by Christian Edwards
SYDNEY, Feb. 28 (Xinhua) -- Australia's cloak and dagger love affair with steroids is ringing alarm bells as "ripped" young men congregating in city gymnasiums abuse the drug in growing numbers.
Released on Friday, an Australian study of deaths involving the drugs has highlighted that steroid abuse is now directly linked with increased risk of heart disease in otherwise healthy young men.
The drugs leave catastrophic damage in the body, according to Professor Shane Darke, lead researcher of a team that has investigated steroid-related deaths in and around Sydney.
Darke insists that it's simply not true that steroids are a healthy body-building supplement.
Steroid abusers who take other drugs are at particular risk of dying from heart disease, according to the study by the National Drug and Alcohol Research Center (NDARC) at the University of NSW (UNSW) and the NSW Department of Forensic Medicine.
Researchers at the NDARC examined 24 steroid-related deaths, all men aged 22-48 years, in NSW between 1996 and 2012. They found all but one took other drugs as well as steroids.
The NDARC noted the findings added to emerging evidence that steroid users are often poly-drug users and that steroid and psycho-stimulant use may damage the heart.
"Nearly all of the 24 deceased men that we examined in this study showed the classic signs of steroid abuse, such as overdeveloped muscles and testicular atrophy," Darke said.
The NSW Health Department said the results getting from illegal steroids are disputable - but one thing is irrefutable: steroids are not safe.
The department said, "While it is true that many of the risks and side effects associated with using anabolic steroids have been exaggerated by some health professionals, sporting bodies, the media and handbooks, not all steroids will cause the same side effects."
"Different drugs cause different side effects at different doses. However, every time you use another steroid, increase the steroid dose and the longer you use steroids, the more chance you have of getting more side effects."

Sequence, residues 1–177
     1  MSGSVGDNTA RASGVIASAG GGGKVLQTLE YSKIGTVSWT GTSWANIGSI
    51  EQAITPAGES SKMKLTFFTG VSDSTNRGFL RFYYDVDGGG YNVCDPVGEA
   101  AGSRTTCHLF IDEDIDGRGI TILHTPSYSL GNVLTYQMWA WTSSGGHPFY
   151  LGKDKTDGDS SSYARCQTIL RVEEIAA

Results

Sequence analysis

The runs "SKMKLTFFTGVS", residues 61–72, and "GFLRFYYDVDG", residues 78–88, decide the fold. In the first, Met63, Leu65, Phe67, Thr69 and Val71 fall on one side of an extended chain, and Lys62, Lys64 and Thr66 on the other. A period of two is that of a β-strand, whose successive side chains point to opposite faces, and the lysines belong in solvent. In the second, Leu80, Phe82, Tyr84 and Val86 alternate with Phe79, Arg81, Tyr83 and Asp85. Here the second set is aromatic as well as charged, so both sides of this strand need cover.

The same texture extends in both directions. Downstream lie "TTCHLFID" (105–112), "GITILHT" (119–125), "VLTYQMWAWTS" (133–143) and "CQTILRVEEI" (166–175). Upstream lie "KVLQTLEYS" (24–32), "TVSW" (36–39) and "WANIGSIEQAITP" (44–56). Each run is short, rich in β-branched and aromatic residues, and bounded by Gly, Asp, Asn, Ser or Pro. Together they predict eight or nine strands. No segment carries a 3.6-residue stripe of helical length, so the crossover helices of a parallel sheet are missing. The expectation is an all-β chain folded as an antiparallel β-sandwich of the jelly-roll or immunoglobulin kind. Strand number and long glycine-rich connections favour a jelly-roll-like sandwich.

"Ironically many steroid users are also keen health and fitness enthusiasts and this is borne out by our sample, which included personal trainers, body builders and security guards."
But the vast majority of users are unaware of the health dangers of their lifestyle.
"Cardiovascular disease, particularly in such young people, signifies the very opposite of good health," Darke said.
He added that many young male users are in danger of reproductive health issues attributable to testicular atrophy.
Among the psychoactive drugs detected were psychostimulants ( present in 66.7 percent of cases), followed by benzodiazapines ( 45.8 percent ), opioids (37.5 percent ) and alcohol (25 percent ).
Psycho-stimulant toxicity was the direct cause of death in eight of the 24 deaths and opioid overdose was the direct cause in seven. Over half of the cases (54 percent) showed evidence of recent injecting drug use.
Toxicology results showed testosterone was the most commonly used steroid among the 24 men. Two thirds of the men were employed at their time of death.
Yet, despite a rash of high-profile steroid incidents in recent years, including the death of a well-known bodybuilder on an apparent steroid holiday in Thailand, the popularity and availability of steroids in Australia continues to grow.
A 2013 survey found that one in every 50 Australian men aged between 20 and 29 say they've been offered the opportunity to buy the drugs in the past year. Enditem